Apart from the statutory obligations, the duties of directors include:
•Duty of Good Faith: A director of a company has a fiduciary obligation towards the company and is under a duty to act in the best interest of the company. Duty of good faith implies that all the actions of the directors must be for the benefit of the company and the shareholders of the company.
If a director takes an action which is not beneficial for the company or its members, the director can be held liable for breach of her fiduciary duty towards the company.
Illustration: X, a director of a company, was aware that the value of the assets of the company was 650,000 Pounds. She, however, allowed the assets of the company to be sold for a consideration of 350,000 Pounds. Thus, the assets of the company were sold at lesser value and the company incurred a loss. X was held liable for breach of fiduciary duty towards the company. (Aviling Barford Ltd. v. Perion Ltd., 1989 BCLC 626 Ch D)
•Duty of Care, Diligence and Skill: A director is under an obligation to perform her duties with reasonable care, skill and diligence. The courts have held that a director is not expected to exhibit extraordinary skill or diligence. The director, however, is expected to exhibit such “skill as may reasonably be expected from a person of his knowledge and experience”.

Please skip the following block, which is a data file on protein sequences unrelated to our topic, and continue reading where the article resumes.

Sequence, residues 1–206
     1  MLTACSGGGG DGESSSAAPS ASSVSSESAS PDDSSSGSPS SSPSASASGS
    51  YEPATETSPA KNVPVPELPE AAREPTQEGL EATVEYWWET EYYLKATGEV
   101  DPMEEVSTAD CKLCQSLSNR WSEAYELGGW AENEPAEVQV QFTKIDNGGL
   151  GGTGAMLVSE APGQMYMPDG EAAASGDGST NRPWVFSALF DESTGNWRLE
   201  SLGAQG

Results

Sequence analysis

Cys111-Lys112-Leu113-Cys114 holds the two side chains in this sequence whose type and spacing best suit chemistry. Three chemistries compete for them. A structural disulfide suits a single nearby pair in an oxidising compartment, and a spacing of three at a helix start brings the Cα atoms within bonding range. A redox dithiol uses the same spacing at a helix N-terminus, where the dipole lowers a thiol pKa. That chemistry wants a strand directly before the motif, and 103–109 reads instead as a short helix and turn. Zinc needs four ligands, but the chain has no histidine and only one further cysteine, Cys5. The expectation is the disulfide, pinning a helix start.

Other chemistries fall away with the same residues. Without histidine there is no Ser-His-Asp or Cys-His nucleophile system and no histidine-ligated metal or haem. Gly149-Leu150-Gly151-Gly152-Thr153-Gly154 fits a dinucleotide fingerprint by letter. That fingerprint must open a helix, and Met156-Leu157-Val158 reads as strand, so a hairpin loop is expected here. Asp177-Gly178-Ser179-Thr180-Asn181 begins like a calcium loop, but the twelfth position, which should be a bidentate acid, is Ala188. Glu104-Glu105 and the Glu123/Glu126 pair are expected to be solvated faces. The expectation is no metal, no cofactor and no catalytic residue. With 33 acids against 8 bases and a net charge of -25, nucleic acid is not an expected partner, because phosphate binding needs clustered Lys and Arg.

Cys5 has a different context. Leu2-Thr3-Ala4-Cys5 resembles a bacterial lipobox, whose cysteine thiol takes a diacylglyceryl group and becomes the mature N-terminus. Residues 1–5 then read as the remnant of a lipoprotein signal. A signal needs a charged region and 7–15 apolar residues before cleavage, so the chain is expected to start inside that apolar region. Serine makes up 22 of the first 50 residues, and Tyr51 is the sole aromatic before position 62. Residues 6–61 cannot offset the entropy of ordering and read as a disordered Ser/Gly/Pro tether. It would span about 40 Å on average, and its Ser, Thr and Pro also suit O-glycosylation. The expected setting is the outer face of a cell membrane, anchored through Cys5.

A director can be held liable for negligence if she fails to discharge her duties with reasonable diligence.
Illustration: The directors of a company released funds of the company to pay the company’s debts without ascertaining whether or not the company was under any obligation to pay any debts. The directors were held liable for negligence. (Selanjor United Rubber Estates Ltd. v. Cradock, (1968) 2 All ER 1073)
•Duty to disclose interest: A director is under an obligation to ensure that she does not place she in a situation where her personal
interests may conflict with her duties towards the company.
A director who is interested in any matter that is being discussed by the board of directors, must disclose her interest to the other directors on the board. The interested director must not take part in any discussion pertaining to such matters and must refrain from voting on the same. (Ss.299 and 300)
Illustration: X was a director in Company A. X was also the chairman of Company B. The board of directors of Company A considered and approved a resolution for purchasing office furniture for Company A. During the board meeting, X did not disclose that she was the chairman of Company B and thus, had substantial interest in the purchase contract being awarded to Company B. Upon being challenged, the court set aside the purchase contract and held that X had breached her duty to disclose her interest in the matter. (Aberdeen Railway Ltd. v. Blaikie, (1854) 1 Mcy 461)